Science Lion Featured Guest: Raven Hardy and Sickle Cell

Science Lion recently had the pleasure of having a PhD candidate, Raven Hardy, drop by to speak with us about her upcoming event for sickle cell advocacy. To preface awareness of this event and the cause behind it, she also shed some light on her journey through graduate school, in addition to how she became interested in sickle cell research.

Raven is a neuroscience PhD candidate at Emory University, working in the lab of Dr. Hyacinth, which is part of the Aflac Cancer and Blood Disorders Center. In particular, she looks at the profile of inflammation in sickle cell patients, and the impact that it may have on brain structure, and subsequently on cognitive deficiencies (dysfunction of the brain) and cell proliferation (cell division and growth).

Upon making these assessments, she observes how these effects track with age, from childhood to adulthood; these alterations of the brain appear to be culprits of the resulting strokes and neurological disorders that may manifest in sickle cell patients.

All of which are done in a mouse model that is humanized or genetically altered to mimic the expression of relevant human proteins in the brain. The purpose of humanizing in this case is to resemble as closely as possible what happens in a human brain, without having to use one.

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But how did Raven get here, in the first place, to do this kind of research? Many times, people draw inspiration and direction in life from tragedy, and this case stands true for Raven, as well. During her senior year of undergraduate studies, Raven’s sister, who herself lived with sickle cell, passed away at the age of 26 from brain death, extending from complications due to a preceding sickle cell crisis.  After managing to overcome that great loss and obtaining her degree, she began her unconventional path through graduate school.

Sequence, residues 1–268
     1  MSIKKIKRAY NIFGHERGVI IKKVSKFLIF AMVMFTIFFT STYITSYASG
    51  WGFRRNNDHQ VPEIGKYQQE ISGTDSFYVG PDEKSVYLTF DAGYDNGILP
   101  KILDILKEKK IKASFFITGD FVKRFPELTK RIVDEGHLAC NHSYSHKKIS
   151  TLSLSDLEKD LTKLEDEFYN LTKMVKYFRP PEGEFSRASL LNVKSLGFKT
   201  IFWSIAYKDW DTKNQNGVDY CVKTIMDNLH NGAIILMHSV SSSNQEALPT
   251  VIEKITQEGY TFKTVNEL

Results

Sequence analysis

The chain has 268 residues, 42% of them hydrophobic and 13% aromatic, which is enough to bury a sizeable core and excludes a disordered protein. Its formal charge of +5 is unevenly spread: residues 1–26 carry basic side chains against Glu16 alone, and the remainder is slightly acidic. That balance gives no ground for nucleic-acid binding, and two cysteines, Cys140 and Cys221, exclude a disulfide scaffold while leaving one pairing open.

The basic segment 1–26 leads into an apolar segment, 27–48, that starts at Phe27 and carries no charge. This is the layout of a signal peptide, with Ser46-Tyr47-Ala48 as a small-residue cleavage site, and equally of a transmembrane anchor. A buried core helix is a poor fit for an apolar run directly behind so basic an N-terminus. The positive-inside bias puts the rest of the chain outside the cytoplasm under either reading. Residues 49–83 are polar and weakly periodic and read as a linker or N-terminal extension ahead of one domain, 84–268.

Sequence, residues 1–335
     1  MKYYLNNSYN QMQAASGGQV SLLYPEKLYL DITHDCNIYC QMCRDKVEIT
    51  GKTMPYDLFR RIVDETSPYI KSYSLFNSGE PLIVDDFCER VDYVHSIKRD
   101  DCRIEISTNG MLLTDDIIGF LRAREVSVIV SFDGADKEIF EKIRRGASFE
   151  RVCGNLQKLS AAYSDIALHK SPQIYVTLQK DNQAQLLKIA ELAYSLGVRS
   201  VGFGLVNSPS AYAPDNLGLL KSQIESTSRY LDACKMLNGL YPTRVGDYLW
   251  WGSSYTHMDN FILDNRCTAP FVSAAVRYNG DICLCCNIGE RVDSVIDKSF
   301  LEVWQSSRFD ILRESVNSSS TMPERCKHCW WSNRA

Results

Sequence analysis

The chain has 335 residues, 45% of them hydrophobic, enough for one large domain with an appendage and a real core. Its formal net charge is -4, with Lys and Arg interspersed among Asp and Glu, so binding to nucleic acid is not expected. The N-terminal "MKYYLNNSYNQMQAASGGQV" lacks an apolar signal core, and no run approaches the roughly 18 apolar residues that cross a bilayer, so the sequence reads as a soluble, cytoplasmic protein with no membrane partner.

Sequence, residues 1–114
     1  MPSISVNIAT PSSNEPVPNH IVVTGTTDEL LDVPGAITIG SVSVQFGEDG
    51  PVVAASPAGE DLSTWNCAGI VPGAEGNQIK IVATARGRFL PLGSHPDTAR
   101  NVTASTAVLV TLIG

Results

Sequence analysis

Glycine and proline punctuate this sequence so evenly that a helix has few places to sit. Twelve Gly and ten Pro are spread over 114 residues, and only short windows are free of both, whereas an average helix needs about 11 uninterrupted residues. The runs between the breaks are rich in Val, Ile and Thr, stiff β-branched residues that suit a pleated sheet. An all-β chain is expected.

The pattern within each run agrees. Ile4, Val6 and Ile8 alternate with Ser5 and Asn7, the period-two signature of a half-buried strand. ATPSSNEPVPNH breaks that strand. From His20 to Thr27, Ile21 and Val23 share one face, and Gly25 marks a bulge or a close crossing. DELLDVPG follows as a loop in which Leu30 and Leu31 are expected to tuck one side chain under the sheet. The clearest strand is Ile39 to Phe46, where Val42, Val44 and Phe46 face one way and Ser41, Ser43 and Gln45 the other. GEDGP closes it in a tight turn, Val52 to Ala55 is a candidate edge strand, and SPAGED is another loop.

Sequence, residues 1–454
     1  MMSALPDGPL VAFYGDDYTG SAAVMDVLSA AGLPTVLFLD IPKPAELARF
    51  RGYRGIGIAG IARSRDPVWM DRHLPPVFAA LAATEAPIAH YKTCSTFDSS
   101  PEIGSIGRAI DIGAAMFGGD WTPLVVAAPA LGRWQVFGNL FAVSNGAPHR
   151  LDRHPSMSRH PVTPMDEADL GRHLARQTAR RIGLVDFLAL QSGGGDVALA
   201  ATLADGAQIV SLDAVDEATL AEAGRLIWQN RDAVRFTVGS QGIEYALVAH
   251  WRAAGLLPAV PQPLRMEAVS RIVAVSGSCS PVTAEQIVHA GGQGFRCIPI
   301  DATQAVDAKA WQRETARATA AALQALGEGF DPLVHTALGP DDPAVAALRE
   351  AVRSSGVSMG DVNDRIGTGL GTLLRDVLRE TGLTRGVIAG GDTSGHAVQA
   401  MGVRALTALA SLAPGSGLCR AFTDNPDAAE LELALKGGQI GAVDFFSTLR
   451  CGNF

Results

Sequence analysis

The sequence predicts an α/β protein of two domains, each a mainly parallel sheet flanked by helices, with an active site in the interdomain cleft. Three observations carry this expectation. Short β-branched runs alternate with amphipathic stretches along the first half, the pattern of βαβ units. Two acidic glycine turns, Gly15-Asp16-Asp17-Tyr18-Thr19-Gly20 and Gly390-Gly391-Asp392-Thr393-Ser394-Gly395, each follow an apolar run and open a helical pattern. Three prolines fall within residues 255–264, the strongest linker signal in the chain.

Although she had a passion to learn more about sickle cell and its effects from a research standpoint, she initially entered a PhD program at Scripps Research Institute studying brain-related microorganisms called prions. She later transferred to Emory University, switching gears in her research, and focusing on brain imaging as it related to nutrition in predominately African American communities. However, her journey did not stop there.

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“Unfortunately, I had to leave that lab”, Raven reflected with a chuckle. “And as it would so have, I was able to join a lab that did sickle cell research, so I actually think that my path took a complete circle to get me right where I wanted to be.”

That lab would be her current research home with Dr. Hyacinth. “But I’m happy to be where I am”, she remarked with a smile on her face. “I feel as though when you’re meant to be somewhere you’ll end up there, and I think this is where I’m meant to be.”